Fair doesn’t always mean equal. When a divorce happens in New Jersey, the equitable distribution rules mean that a couple’s assets and debts are supposed to be divided in a way that’s fair, which may or may not mean 50/50.
Couples can usually decide how to divide a lot of their material possessions fairly easily through a bit of negotiation. Maybe one spouse will take all the crystal and flatware, while another wants the cookware and dishes. Those kinds of things are (usually) fairly easy to split.
But, what about the family home? It’s not as easy to divide as some dishes, but here are three popular approaches:
1. One spouse buys out the other’s equity.
Maybe one of you has a stronger attachment to the house than the other. If so, you can arrange to have the house independently appraised to see what it would sell for at fair market value to determine how much equity you have. Then, one of you simply buys out the other’s share.
Be wary, however: Simply signing over the deed to the property in exchange for half its equity won’t relieve you of any obligation to the mortgage holder. If the house has a mortgage, the spouse who wants to retain it should refinance it into their own name.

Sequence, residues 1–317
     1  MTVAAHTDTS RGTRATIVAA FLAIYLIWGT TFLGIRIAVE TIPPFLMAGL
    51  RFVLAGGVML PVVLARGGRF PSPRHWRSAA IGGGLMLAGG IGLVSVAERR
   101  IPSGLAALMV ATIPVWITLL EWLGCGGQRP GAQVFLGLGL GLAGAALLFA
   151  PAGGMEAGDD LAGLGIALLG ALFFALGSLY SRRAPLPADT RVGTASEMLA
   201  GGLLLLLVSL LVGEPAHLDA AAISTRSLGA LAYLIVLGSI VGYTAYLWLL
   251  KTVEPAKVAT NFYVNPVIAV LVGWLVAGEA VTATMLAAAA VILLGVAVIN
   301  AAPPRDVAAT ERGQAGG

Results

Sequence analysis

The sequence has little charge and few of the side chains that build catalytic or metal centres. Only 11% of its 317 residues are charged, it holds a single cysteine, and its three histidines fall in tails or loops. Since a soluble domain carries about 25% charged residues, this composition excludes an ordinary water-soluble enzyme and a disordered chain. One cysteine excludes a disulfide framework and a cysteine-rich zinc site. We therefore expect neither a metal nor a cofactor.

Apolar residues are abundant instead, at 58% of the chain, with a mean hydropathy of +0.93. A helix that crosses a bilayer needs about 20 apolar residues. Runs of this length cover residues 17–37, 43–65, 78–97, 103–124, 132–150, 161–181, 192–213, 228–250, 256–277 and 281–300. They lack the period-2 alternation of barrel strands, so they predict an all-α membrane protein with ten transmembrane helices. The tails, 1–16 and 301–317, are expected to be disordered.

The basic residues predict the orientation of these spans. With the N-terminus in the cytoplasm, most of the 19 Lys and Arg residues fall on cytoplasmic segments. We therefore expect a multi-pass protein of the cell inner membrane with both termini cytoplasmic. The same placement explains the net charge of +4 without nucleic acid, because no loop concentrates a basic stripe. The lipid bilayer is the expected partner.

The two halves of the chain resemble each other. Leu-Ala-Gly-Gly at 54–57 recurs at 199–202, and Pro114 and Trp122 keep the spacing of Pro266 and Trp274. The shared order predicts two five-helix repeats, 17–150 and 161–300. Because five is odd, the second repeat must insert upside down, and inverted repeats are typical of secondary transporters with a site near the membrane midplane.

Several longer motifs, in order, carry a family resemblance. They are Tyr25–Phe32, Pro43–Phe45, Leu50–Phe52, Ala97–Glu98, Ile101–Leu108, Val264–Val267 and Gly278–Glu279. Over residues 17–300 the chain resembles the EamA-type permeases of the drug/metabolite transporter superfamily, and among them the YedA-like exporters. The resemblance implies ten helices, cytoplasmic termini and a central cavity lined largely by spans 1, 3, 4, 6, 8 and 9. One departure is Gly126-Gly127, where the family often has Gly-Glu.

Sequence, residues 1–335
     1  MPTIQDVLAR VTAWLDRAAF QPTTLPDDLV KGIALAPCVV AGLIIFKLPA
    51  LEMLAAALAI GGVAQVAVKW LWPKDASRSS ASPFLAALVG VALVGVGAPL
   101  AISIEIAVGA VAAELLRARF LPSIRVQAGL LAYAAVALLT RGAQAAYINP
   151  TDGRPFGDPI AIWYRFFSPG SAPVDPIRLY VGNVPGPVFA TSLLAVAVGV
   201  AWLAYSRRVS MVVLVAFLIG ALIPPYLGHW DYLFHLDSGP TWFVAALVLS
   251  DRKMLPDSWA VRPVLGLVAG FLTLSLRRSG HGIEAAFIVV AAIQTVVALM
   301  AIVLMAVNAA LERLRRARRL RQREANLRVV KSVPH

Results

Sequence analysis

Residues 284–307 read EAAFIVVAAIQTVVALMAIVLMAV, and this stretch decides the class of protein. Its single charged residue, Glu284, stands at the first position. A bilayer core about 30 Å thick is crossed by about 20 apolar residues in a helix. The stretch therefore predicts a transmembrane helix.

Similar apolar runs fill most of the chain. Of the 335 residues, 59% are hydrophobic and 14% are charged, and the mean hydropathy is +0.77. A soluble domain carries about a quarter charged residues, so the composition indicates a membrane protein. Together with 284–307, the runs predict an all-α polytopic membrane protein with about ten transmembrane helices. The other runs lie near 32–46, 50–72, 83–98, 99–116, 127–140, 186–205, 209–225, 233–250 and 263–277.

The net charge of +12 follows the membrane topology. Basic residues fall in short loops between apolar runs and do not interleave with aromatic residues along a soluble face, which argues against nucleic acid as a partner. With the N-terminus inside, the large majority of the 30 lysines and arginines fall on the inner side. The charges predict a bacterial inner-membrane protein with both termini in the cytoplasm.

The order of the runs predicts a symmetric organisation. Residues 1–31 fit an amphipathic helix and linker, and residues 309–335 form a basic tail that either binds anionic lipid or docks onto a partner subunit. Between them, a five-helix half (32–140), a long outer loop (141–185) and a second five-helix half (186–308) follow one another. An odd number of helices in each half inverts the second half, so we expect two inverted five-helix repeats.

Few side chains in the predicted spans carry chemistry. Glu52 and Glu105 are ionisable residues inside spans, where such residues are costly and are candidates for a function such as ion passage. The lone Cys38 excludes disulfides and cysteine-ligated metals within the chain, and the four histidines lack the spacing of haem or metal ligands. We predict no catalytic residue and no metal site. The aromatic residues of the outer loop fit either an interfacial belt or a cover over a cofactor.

2. You sell the house and split the proceeds.
Realistically, most divorcing couples aren’t in a position where one can afford to buy out their other’s equity and refinance. Maybe they simply don’t have any way to get the cash, or maybe their credit isn’t good enough to refinance.
In those situations, selling the home and splitting the profits can be the only real option. This is also a good route to take when both spouses want the cash to start over somewhere.
3. You keep the house (for now).
This is a little trickier, but a lot of couples do it. Sometimes, it’s because they just bought the house and they don’t want to lose money by selling too soon. Other times, they have children they don’t want to uproot from their schools or friend groups.
You need to pay particular attention to the logistics of this approach, if that’s your plan. The divorce agreement should be explicit about who pays for what maintenance or repairs, what issues can force the house to be sold, when the agreement will expire and more.
Protecting your interests in a divorce can be hard, so make sure you have experienced legal guidance.